A smart city is one where the needs of a populace meet the needs of environmental sustainability. The balance between the social and environmental issues is governed by Information and Communication Technologies (ICT) that power a smart city infrastructure. In this course, we learn about the influence of urban networks, smart city urban planning, energy as a catalyst of sustainable development, smart city infrastructure, sustainable transportation, flow of information and communications, smart grids, digital infrastructure and the role of data and information technology. We will discuss criteria for measuring the smartness of a city, including quality of life, citizen governance, and discuss issues that go towards the making of a future smart city. Several case studies will be presented with guest lecturers invited to present on critical thinking and practices in smart city development. (3 credits)
INLS 690-141: History of Information and Communication Technologies (Lee)
Investigates how information and communication technologies evolved and places historical ICT developments within the context of contemporary issues. (1.5 credits)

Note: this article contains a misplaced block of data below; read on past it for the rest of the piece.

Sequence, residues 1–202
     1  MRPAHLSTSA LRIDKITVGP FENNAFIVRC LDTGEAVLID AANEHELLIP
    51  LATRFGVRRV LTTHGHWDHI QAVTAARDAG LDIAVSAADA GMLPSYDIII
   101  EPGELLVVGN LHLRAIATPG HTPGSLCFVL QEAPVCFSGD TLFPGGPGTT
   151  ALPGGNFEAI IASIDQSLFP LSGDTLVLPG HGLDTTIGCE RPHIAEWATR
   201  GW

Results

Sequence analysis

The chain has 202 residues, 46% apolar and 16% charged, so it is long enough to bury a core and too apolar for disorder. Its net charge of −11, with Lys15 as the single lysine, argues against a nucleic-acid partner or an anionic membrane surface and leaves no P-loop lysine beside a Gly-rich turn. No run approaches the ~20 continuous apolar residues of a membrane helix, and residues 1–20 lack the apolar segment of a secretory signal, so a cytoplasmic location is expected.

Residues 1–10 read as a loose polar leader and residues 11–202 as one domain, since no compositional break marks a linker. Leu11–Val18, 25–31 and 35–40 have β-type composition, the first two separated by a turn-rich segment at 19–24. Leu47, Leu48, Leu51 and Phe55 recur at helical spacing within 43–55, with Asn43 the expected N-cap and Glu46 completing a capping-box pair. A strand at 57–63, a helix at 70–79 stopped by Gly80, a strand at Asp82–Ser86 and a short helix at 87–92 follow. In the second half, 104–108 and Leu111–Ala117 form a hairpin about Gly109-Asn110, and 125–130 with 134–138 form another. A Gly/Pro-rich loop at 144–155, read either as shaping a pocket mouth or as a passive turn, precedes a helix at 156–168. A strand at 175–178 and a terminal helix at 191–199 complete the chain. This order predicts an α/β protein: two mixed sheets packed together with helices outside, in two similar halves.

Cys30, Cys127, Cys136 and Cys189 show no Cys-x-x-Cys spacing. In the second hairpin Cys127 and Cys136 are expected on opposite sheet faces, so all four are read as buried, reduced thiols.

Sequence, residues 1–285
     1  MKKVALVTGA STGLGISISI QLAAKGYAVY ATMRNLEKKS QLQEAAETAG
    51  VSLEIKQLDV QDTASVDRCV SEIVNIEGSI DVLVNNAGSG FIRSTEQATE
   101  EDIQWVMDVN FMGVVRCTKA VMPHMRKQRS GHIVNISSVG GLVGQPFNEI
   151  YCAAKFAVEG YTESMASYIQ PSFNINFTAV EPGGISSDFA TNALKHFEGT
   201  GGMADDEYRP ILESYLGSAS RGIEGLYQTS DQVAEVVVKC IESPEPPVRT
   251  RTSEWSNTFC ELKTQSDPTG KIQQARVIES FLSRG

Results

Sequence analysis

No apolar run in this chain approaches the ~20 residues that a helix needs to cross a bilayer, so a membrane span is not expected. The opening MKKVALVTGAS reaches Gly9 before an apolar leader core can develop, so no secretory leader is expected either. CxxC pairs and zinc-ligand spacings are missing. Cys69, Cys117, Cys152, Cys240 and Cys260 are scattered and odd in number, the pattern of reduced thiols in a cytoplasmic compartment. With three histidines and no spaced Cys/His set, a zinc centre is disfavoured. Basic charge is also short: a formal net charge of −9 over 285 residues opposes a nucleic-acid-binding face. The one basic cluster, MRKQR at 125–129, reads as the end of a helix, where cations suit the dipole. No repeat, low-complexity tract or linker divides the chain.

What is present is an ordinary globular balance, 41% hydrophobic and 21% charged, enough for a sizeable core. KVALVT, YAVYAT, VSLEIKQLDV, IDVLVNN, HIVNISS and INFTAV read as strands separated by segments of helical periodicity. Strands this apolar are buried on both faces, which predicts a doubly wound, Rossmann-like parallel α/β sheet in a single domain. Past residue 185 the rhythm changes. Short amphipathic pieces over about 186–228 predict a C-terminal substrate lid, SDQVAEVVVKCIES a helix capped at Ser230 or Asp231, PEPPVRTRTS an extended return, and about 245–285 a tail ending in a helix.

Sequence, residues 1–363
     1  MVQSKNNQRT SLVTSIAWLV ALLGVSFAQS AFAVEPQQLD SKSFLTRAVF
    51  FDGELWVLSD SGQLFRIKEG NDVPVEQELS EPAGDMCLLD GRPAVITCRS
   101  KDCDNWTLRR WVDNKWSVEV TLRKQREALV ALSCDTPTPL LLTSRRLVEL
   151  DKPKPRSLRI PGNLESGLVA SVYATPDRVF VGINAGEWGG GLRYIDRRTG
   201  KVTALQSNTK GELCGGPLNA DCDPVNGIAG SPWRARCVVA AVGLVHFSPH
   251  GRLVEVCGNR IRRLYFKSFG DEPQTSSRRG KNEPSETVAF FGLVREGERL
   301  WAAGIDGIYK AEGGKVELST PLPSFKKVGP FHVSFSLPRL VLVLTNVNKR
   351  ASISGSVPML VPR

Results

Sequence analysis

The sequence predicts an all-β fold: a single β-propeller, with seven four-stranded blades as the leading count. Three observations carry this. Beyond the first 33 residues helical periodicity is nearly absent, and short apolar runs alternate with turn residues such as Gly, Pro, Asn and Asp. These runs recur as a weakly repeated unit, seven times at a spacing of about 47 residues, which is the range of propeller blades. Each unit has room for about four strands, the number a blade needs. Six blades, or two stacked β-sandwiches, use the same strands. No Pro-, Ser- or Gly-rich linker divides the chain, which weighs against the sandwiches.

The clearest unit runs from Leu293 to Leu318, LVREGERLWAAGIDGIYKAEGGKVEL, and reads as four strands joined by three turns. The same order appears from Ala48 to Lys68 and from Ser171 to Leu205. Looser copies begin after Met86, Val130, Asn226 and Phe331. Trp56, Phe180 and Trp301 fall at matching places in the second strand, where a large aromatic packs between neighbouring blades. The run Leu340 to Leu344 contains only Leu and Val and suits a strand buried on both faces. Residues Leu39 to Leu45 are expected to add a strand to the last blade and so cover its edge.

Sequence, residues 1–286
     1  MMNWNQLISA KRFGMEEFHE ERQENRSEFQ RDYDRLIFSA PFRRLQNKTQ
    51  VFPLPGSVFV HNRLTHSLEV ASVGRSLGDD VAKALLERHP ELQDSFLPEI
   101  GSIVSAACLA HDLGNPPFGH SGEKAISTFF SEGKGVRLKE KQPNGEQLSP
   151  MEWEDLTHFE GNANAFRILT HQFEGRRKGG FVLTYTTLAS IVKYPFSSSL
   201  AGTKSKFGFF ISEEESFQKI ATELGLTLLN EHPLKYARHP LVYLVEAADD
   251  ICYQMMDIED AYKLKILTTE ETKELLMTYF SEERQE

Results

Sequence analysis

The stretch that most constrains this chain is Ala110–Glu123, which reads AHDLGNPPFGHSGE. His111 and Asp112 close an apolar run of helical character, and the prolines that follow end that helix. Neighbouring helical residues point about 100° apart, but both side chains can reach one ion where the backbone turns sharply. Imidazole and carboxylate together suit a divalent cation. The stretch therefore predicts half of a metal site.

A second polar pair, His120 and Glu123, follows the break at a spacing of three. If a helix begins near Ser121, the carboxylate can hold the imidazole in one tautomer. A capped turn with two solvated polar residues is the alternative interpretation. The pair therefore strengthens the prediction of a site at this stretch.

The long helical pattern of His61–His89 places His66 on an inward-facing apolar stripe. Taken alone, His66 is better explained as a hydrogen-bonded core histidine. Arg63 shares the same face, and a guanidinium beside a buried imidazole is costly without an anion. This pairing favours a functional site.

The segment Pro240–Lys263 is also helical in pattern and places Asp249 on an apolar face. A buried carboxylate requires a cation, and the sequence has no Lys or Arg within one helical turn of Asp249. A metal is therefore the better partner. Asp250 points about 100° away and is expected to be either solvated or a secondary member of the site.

490-204: Going the Last Mile: Access to Information for Underserved Populations (Missen) 3 credits
Two thirds of the world's populations cannot access the Internet. Over 20% of Americans have no access to the Internet. Millions of incarcerated individuals need basic education but cannot use the Internet. Even when connected, people in remote areas often lack the bandwidth to use multimedia-rich Web offerings. In this course we will investigate the special challenges of providing information services to marginalized populations in an increasingly digital world. We'll examine the economic, political, and infrastructural barriers as well as learn about innovative efforts to deliver digital information to the bulk of the world's people who cannot afford conventional technologies.
690-036: Information Policy (Daniel) 3 credits